Jeff also presented the additional argument that the reference in Section 3547 to a “material conflict … with respect to the particular question or dispute” means that John did not have a conflict with his minor children because his interests are aligned with his children’s in the litigation. The Court concluded that this reading ignores the substance of Section 3547 and, instead, construed that language to mean that the interests of John and his minor children must be aligned at the time the alleged representation occurred. The Court continued to state that the issue of virtual representation as it applies to a laches analysis is not whether the parties’ interests are aligned in the action in which a laches defense is raised, but instead whether the interests were aligned at the time the representation allegedly occurred.


Although the Final Report is subject to further exceptions and review by the Court, it was significant in its own right. Most saliently, the Court rejected several arguments offered by Jeff and, in doing so, provided further analysis of the concept of a “material conflict of interest” under Section 3547 and the statutory definition of “good faith”.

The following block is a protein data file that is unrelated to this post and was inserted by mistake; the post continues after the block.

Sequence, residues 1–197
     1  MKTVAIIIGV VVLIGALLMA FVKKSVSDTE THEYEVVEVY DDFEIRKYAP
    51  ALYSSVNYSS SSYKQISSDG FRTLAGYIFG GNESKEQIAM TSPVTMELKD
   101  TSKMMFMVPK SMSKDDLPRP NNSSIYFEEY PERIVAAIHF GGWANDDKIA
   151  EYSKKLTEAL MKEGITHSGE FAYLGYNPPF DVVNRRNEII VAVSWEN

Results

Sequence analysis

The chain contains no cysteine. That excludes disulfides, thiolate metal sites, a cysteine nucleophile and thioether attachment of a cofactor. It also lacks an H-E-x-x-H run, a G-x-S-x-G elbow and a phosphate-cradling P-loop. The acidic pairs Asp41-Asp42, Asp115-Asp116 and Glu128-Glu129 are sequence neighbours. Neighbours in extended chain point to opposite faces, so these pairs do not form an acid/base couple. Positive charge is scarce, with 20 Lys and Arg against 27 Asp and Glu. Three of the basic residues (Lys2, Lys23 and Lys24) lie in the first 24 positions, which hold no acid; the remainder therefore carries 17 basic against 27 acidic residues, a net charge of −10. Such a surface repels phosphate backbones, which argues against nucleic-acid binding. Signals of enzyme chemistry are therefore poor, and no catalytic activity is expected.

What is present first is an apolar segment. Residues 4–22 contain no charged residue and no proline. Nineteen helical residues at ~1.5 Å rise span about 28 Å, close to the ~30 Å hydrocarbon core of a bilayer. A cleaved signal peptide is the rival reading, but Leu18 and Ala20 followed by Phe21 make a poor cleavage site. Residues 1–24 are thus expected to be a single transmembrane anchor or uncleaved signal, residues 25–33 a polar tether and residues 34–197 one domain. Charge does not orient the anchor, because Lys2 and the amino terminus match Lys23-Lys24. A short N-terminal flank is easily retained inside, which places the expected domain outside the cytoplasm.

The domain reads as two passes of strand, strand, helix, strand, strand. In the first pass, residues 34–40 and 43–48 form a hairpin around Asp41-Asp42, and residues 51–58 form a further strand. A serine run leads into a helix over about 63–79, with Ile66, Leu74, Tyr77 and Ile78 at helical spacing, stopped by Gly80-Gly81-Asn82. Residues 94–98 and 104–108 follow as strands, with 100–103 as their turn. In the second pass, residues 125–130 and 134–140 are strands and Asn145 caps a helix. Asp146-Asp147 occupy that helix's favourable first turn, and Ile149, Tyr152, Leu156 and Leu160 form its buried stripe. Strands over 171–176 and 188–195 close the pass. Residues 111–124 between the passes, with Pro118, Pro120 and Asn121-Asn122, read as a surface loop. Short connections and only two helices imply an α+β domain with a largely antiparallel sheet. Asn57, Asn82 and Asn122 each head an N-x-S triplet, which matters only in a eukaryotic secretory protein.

Morris, Nichols, Arsht & Tunnell LLP combines a broad national practice of corporate, intellectual property, business reorganization and restructuring and commercial law and litigation with a general business, tax, estate planning and real estate practice within the State of Delaware. The firm’s clients include Fortune 500 companies, smaller firms and partnerships, financial institutions, government agencies, commercial law and litigation firms and not-for-profit organizations.

Copyright © Morris, Nichols, Arsht & Tunnell LLP. This update provides general information and should not be used or taken as legal advice for specific situations, which depend on the evaluation of precise factual circumstances. For a more complete or detailed discussion, please contact any member of Morris Nichols Trusts, Estates and Tax Group